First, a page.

This week is a big week for renewable and tech stocks. Earnings reports released this week will determine whether or not First Solar (NASDAQ:FSLR) is on track with its current shift in market strategies.
More than just solar panels
Formed in 1999, First Solar has quickly emerged as a major global player. The company is vertically integrated to offer cost and scale leadership in the market, while also leading the global market in thin film module manufacturing. The company touts notable "firsts", including:
- 1st to produce 1 gigawatt (GW) in a single year
- 1st to break the $1/watt manufacturing cost barrier
- 1st to implement a global PV module recycling program
- World-record-holder for CdTe thin film solar module (14.4%) and cell (18.7%) efficiency
First Solar shifting strategy
Prior strategy and direction for First Solar involved thin-film development. But with market competition and excess supply on the market due to "dumping" issues with China, the company has to evolve. Photovoltaic (PV) cell manufacturing costs are racing to the bottom, drawing competitors. First Solar recently sold off its Arizona solar module manufacturing facility for over $100 million in cash, taking a $55-$60 million loss on the sale and lowering annual operating expenditure by $10 million.
First Solar is making strong acquisitions and partnerships
By bringing in new CEO Jim Hughes last year, First Solar is moving away from panel manufacturing and focusing more on the acquisition and development of major, utility-scale solar power plant projects around the world. The current global strategy is to utilize mergers and acquisitions to grow its global footprint. First Solar is actively seeking out and evaluating potential markets, then locating firms within those desired markets that have already completed most of the legwork involved (including entity formation, permitting, land acquisition, and internal financing).
Analysts are optimistic about the company's acquisition and project pipeline. JPMorgan recently made First Solar one of its top clean-tech picks, optimistic that it will achieve coming annual targets through robust contracts and projects with higher margins. As an example, First Solar recently acquired the 250MW Moapa Solar Project, the first large-scale solar project to be built on tribal land in North America just to the northeast of Las Vegas, Nevada.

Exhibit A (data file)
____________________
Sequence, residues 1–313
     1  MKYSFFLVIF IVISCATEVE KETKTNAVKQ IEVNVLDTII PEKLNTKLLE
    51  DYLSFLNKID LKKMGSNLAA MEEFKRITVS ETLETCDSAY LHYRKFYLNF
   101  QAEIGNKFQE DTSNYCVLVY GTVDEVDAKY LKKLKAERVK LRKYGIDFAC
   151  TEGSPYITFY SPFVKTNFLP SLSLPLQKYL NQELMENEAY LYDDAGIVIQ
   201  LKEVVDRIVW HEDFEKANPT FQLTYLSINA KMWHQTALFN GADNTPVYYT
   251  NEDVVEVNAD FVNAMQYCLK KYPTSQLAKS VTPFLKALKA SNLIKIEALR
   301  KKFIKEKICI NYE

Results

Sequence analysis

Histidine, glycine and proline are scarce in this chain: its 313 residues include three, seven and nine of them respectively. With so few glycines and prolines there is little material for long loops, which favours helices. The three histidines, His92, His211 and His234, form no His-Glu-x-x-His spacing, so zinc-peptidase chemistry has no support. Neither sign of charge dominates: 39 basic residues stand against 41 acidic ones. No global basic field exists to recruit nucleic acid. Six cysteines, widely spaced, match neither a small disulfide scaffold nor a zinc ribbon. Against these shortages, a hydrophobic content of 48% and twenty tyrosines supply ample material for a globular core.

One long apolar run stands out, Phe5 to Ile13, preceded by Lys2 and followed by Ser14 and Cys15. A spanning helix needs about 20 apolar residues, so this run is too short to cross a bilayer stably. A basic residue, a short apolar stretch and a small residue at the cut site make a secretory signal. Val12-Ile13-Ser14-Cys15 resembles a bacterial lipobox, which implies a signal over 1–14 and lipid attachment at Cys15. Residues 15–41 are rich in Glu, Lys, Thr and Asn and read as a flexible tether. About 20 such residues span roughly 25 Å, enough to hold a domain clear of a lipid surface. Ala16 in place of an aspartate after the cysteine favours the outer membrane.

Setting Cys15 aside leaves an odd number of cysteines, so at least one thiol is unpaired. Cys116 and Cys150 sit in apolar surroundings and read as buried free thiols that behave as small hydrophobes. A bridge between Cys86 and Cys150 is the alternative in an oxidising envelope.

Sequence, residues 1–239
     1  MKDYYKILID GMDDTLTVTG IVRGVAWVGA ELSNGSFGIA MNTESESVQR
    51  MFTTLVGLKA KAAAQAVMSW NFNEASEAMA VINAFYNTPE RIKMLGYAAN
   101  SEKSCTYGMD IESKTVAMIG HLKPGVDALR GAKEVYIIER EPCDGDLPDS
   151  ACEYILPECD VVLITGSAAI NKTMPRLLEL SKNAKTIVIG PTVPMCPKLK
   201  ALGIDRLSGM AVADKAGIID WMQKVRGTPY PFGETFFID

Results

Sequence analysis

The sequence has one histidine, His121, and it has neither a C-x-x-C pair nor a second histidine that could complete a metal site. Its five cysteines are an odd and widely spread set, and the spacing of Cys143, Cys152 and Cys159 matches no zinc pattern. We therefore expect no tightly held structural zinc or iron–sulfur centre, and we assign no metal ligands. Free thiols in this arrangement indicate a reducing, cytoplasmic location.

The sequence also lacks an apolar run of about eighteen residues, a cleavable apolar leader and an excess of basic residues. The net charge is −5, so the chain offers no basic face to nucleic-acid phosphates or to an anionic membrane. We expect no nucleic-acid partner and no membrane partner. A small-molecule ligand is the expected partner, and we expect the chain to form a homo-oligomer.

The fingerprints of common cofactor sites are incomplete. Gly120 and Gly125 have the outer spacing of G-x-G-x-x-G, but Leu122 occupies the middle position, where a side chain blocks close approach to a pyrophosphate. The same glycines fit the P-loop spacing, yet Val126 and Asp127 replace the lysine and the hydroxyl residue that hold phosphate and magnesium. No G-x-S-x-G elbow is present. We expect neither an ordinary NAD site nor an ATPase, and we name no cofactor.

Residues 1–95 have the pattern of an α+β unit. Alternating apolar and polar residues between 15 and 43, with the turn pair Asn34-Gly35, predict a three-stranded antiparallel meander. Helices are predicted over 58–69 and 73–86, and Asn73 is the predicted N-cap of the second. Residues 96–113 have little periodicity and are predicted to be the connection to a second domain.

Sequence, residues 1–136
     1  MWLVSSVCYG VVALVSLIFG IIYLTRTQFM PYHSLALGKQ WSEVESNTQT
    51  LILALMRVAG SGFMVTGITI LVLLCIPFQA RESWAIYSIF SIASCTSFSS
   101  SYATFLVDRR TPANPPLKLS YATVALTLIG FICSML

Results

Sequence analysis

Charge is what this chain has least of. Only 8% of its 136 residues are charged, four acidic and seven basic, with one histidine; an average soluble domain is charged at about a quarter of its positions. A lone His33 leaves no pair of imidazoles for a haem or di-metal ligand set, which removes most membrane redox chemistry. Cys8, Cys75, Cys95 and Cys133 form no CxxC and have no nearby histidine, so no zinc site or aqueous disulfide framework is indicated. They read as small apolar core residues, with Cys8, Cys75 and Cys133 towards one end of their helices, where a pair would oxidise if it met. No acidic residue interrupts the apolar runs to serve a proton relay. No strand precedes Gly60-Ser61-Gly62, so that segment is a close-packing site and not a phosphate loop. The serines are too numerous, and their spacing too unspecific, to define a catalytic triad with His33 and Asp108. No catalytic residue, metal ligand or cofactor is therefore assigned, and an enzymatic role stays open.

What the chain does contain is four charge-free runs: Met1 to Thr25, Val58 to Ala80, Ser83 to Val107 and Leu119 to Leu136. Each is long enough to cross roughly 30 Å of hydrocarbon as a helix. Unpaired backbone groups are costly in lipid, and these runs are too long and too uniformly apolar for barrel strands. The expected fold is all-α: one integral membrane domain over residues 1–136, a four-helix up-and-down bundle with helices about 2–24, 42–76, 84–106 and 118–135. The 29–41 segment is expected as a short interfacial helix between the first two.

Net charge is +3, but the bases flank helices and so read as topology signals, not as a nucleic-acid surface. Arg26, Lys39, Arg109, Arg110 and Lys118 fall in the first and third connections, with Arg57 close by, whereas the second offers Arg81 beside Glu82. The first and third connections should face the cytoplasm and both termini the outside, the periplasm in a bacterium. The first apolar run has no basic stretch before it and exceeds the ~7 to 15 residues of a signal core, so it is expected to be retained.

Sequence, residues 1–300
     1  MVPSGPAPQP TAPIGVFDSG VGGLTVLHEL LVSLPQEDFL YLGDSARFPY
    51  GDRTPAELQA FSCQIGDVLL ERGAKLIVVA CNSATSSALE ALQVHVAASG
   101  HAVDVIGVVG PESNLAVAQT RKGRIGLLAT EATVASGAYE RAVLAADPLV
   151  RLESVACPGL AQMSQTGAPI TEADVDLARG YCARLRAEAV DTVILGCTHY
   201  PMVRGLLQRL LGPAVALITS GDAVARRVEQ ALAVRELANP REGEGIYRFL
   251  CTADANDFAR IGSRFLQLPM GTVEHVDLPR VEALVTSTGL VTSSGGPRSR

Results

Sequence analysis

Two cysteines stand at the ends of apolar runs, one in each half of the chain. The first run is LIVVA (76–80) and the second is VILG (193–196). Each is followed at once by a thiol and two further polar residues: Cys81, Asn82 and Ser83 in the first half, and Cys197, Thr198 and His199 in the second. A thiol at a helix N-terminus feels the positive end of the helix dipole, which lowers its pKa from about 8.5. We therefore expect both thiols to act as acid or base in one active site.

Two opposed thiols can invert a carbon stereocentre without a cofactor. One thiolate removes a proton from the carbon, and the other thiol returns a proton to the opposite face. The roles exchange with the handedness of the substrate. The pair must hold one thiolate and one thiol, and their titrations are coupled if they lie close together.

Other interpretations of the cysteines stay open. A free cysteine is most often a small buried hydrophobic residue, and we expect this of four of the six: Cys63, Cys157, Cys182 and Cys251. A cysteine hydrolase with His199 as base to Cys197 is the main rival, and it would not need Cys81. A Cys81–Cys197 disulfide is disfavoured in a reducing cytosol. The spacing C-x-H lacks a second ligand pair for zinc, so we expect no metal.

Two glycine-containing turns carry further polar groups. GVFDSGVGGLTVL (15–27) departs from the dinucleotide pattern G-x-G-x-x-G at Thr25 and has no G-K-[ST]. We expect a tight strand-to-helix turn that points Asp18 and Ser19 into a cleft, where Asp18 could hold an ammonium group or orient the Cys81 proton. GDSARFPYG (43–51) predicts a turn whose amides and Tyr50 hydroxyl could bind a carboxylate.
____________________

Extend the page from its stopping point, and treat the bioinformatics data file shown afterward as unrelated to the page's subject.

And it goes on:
In August, First Solar announced it had acquired a pipeline of U.S. and Mexican development assets from Element Power, including projects in California, Arizona, Texas, Georgia, North Carolina, Colorado, Louisiana and Illinois. It also includes several Mexican projects to take advantage of the emerging utility-scale Mexican PV market. "These U.S. assets are an excellent complement to our existing project pipeline," said Tim Rebhorn, First Solar's Senior Vice President of Business Development for the Americas.
"The mix of projects in emerging U.S. regions and an optimized pipeline in established markets will better position First Solar to secure customer off-take agreements. The Mexican project pipeline strategically positions First Solar for our entry into the market."
Also in August, the company announced a major technology and commercial partnership with GE (NYSE:GE). GE takes an equity interest stake in First Solar while helping to extend scale, manufacturing capabilities, and solar plant/grid improvement activities.
First Solar projects are moving forward across the board
First Solar recently announced that it will construct a 250MW solar power plant in Riverside County, California for NextEra Energy (NYSE:NEE). This plant is located near a 550MW Desert Sunlight Solar Farm currently under construction by First Solar.
In South America, after acquiring Solar Chile earlier this year, First Solar is finally moving ahead with its first major project in Chile's Atacama Desert. First Solar has a pipeline of projects under contract to utilities totaling 3GW, with 2GW under already under construction.
A ray of sunshine for First Solar
Things are looking up for First Solar, and this week's earnings report could be a strong one. I think we are in the bottom of a dip, and signs indicate an upside coming for this stock.
Fool contributor Gavin P. Smith has no position in any stocks mentioned. Follow Gavin P. Smith on Twitter. The Motley Fool owns shares of General Electric Company. Try any of our Foolish newsletter services free for 30 days. We Fools may not all hold the same opinions, but we all believe that considering a diverse range of insights makes us better investors. The Motley Fool has a disclosure policy.